legislation which encouraged the construction of the second line, under the false pretext to the public that it would serve as a competing route, has really imposed upon the people the expense of supporting two railroads when their interests could be as well or better served by the support of one. The West Shore, Nickel Plate, and other lines were practically built for the purpose of sale to the old roads which they paralleled and threatened with ruinous competition, and, as in the first instance named, the people living along those lines are now compelled to pay for the maintenance of two railroads, while for all practical purposes they derive benefits from only one. Is it not evident that the construction of railroads in excess of commercial needs must entail a loss upon the investors or an additional cost to shippers; and so long as this unbalanced state exists the railroad companies can only be saved from losses by pooling with, purchasing, or gaining control of competing lines, and thereby throw the cost upon the people? Or if the latter, through legislation, the verdicts of their juries, and interpretations of their courts, can thwart such combinations, purchase, or control, then the full force of vicious legislation will be shifted to the railroads, and as investments those properties will be ruined.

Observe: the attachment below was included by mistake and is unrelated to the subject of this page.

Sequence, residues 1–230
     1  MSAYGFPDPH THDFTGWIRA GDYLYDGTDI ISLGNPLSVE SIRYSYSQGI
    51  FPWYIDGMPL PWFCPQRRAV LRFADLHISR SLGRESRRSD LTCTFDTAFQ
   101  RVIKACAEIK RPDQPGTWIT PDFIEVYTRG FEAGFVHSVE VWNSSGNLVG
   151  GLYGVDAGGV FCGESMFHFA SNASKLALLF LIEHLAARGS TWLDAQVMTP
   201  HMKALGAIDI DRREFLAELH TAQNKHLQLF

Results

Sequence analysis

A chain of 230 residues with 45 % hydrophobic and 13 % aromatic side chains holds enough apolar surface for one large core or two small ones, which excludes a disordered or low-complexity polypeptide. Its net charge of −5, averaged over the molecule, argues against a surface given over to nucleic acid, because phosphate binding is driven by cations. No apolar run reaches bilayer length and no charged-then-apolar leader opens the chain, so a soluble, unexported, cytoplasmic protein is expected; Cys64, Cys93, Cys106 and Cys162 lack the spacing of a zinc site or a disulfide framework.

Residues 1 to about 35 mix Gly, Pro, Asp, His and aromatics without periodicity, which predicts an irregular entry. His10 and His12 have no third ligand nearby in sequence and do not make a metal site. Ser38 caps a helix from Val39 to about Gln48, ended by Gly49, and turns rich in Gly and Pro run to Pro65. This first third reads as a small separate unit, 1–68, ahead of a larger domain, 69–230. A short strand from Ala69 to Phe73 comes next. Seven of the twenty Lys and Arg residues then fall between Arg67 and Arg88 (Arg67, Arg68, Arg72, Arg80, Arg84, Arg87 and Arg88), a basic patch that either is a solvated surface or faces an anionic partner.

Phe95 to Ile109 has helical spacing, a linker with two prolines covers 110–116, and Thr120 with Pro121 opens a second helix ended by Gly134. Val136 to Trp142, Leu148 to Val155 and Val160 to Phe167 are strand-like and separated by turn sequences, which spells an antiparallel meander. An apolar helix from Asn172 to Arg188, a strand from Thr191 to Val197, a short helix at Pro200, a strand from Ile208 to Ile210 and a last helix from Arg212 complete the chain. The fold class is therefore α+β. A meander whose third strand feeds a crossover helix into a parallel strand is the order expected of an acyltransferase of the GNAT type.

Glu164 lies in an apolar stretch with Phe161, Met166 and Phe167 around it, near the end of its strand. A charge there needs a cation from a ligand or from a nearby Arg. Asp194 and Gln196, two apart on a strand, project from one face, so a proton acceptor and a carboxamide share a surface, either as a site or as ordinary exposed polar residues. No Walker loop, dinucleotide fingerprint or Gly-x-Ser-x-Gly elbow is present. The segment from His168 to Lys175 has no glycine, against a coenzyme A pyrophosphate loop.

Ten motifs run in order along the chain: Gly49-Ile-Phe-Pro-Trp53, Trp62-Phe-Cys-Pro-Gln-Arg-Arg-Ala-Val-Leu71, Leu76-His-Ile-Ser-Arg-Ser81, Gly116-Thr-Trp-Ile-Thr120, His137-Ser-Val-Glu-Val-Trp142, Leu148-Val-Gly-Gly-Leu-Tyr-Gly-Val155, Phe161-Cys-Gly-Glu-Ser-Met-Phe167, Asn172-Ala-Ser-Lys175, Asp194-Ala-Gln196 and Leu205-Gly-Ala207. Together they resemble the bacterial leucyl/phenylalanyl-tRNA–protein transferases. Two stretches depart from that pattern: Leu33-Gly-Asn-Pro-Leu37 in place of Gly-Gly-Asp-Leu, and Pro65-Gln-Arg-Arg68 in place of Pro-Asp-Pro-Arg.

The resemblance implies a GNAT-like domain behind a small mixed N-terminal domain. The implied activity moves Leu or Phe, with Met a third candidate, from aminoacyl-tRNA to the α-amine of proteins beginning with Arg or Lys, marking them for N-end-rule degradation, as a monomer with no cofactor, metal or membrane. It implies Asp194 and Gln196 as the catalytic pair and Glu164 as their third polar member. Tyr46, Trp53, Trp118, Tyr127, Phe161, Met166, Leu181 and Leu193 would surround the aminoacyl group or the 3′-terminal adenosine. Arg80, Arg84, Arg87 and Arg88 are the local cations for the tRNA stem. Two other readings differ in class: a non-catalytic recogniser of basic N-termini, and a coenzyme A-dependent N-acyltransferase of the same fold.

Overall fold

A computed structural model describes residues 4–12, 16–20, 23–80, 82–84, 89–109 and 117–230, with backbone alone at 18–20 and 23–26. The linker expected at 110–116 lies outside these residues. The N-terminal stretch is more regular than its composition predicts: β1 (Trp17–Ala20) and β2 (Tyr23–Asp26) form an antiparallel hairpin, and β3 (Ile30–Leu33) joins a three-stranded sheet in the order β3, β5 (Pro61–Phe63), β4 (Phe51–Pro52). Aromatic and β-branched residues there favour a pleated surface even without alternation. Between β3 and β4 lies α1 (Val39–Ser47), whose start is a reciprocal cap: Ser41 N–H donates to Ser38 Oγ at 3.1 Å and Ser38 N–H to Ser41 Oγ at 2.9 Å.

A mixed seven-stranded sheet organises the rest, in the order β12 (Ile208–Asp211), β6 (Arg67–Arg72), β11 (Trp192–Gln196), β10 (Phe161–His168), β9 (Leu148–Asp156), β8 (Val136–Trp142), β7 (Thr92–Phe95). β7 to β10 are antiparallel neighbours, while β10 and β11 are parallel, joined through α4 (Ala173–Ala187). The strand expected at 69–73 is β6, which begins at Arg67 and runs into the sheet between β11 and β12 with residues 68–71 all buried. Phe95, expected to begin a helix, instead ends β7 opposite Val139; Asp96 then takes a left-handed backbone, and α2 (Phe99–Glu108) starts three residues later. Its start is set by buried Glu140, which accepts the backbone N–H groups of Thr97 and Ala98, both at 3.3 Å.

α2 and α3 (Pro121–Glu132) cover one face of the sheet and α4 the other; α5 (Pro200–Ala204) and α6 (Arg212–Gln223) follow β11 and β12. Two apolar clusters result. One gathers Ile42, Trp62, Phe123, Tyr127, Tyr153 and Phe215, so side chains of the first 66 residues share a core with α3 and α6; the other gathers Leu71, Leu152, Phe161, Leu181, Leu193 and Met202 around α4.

The rights and obligations of railway companies and the public meet and harmonize at the point where, the facilities provided being ample for the business, the amount of traffic is sufficient to make a low cost of service remunerative to the investors; but this desideratum can not be attained by legislating to preserve railroad properties by restricting competition and legalizing pools, nor by anti-pooling clauses to foster competition; it will only come through the repeal of the disturbing laws which by stimulating the construction of railroads polarized interests which natural adjustments made identical; but normal adjustments are impossible so long as laws exist which offer advantages to the investor other than the natural and legitimate profits of the investment.
Let general railroad laws be repealed, and, before the legislative authority to exercise the right of eminent domain is extended to a railway company, let the public necessity for the construction of a railroad be fairly shown and affirmatively proved as required by the common law.
Is the present demoralization to be wondered at when, in most of the States, charters granted under general laws are deemed as prima facie evidence of the public necessity, although railroads so chartered may be projected side by side with those having facilities not half employed?
Not uncommonly it is claimed that the railroads have made the country what it is, but is it not equally true that the country has made its railroads what they are? The two statements com-